“Investigating why Rose was not criminally prosecuted after the internal affairs division sustained the complaint of sexual assault, was not disciplined or let go by the department while he was still within the first year of probation, and was fully reinstated to his position is imperative,” she said.
The city released the Rose documents after a Globe report published earlier this month found that Rose had remained on the force for two decades after internal investigators determined he had more than likely molested a child. The revelation sparked widespread condemnation of a department with a history of protecting officers accused of misconduct.
Boston Police Commissioner Paul F. Evans was informed in 1996 that his investigators believed Rose had sexually abused a child, but after pushback from the union, Rose was allowed to keep his badge and return to patrol, according to files released by the city.
Evans is among a contingent of people calling on the city to release the full internal affairs file. In a nearly 700-word statement released just before midnight on Tuesday, Evans and former BPD chief of internal investigations Ann Marie Doherty said the additional files will show that police officials did everything they could to hold Rose accountable for child abuse allegations in the 1990s.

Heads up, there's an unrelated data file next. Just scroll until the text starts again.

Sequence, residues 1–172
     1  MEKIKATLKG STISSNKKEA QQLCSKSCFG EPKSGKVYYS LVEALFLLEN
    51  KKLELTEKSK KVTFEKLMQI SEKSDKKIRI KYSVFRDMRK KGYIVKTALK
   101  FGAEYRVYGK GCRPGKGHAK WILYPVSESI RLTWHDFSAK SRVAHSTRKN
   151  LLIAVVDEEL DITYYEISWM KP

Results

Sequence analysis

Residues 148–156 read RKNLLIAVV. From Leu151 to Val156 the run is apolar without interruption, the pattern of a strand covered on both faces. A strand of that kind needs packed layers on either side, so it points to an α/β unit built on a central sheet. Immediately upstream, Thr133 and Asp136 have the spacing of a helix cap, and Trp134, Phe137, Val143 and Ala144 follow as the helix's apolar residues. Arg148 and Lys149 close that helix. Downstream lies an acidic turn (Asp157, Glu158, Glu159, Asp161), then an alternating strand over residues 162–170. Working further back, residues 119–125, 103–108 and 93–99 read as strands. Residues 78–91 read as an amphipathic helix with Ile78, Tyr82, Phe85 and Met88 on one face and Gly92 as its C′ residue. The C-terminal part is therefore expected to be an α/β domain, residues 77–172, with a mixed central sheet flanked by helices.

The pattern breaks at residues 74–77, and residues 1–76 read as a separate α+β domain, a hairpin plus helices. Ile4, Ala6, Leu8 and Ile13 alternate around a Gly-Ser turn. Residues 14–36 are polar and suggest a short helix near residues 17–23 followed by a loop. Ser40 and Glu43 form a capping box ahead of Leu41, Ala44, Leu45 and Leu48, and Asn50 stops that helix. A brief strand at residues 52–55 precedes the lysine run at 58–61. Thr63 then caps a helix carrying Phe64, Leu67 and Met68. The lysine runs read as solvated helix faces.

The files released earlier this week did not address a number of key points, including who ultimately made the decision to reinstate Rose; what evidence was used by the department’s internal affairs bureau to sustain the allegation against Rose; and the nature of Evans’s role in the process.
In response to a request by the Globe for additional documents, city spokesman Nick Martin said Wednesday that the released files “included everything related to BPD’s internal affairs process and the disposition of the case at the time.”
“There are no documents related to the reasons for action or inaction, or even who took the action,” Martin said in an e-mail. “The internal affairs file does not contain anything related to the rationale for sustaining the allegation against former officer Rose or what former Commissioner Evans’ role was in the process.
“We understand that this information raises additional questions,” he added, “but unfortunately we have no way of answering those things 26 years later with the documents we have today.”
Andrew Ryan and Dugan Arnett of the Globe staff contributed to this report.